A million pound project which hopes to lure more tourists to the Black Country begins this spring. Sarah Probert looks at the ambitious plans
It is a move that would make one of Britain's leading female trade unionists proud.
Mary Macarthur, who inspired the women chainmakers of Cradley Heath to strike in 1910, had always wanted a workers' institute to be at the centre of social activity, education and entertainment.
Now, the Black Country Living Museum in Dudley is to reconstruct the original Cradley Heath Workers' Institute built following the strike and turn it into a major part of its attraction.
The museum has been awarded £1.535 million from the Heritage Lottery Fund to reconstruct the museum, which was rescued from the route of a bypass last year.
It was dismantled brick by brick in 2004 and every piece that was salvaged will be used to recreate the historic institute.
It will be the second largest building in the museum and will be the first of a number planned to create a new High Street which will expand the museum and attract more visitors to the Black Country.
The institute will be fitted out as it would have been in the 1930s with original period displays and a multi-media time-capsule room, which will feature the story of the women chainmakers' strike and its leader Mary Macarthur.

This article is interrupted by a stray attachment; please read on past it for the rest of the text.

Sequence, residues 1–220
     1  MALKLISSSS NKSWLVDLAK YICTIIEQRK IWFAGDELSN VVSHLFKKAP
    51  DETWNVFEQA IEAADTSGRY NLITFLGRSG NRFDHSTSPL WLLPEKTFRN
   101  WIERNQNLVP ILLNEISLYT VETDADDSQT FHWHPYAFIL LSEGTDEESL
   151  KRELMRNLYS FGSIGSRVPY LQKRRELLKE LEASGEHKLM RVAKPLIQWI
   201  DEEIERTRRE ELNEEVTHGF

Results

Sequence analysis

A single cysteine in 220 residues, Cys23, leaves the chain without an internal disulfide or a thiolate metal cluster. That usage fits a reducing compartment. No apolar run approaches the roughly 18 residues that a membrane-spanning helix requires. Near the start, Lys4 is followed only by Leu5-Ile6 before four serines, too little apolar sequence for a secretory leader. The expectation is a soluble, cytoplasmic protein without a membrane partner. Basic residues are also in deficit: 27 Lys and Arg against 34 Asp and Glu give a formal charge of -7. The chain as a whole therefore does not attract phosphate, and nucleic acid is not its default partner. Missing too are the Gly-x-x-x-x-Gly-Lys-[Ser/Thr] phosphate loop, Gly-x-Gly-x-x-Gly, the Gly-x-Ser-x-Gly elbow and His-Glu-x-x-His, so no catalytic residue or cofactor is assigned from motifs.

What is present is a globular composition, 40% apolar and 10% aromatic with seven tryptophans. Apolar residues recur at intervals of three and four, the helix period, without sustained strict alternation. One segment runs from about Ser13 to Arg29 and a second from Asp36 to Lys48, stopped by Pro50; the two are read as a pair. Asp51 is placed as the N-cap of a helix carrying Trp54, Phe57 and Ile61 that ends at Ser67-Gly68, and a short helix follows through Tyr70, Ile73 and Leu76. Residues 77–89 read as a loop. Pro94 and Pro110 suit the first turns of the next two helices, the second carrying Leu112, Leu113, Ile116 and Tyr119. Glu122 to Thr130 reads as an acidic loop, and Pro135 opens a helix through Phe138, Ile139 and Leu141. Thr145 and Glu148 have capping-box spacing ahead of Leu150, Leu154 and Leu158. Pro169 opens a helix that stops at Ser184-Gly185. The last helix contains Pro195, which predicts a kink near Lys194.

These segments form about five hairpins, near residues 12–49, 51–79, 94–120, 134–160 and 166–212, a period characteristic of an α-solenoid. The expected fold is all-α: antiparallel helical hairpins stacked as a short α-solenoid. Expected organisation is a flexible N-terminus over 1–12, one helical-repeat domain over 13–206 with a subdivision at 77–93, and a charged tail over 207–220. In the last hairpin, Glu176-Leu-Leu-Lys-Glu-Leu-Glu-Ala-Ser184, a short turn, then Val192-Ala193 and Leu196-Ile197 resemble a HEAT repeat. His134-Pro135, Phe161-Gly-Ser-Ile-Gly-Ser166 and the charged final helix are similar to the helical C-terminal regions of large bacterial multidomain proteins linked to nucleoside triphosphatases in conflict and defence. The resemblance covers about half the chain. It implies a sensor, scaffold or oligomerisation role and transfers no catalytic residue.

She became one of Britain's leading female trade unionists, whose landmark victory laid the legislative foundation upon which today's minimum wage is built.
The facility will include a 300-seater auditorium where costumed performances, living history theatre and entertainment activities will take place.
Museum curator Kathleen Howe said: "The reconstruction of the workers' institute at the museum ensures not just the preservation of a significant piece of our industrial heritage but stands as testimony to the Cradley Heath women chainmakers' achievements bringing the story of Black Country working women to the forefront of the museum's interpretation."
Reconstruction work will start in the spring and take about a year to complete, opening on 10 June 2007 on the anniversary of its original opening. Once open, the institute will provide an added attraction to the 250,000 people who visit the museum each year.
Labour MP Sylvia Heal (Halesowen and Rowley Regis) said: "The project shows the important part that Mary Macarthur and the women chain-makers in Cradley Heath played in tackling the issue of low pay.
"I am delighted that at last the sacrifice and determination of these women is being recognised, because they have an important place in the history of the Trade Union and Labour Movement." ..SUPL: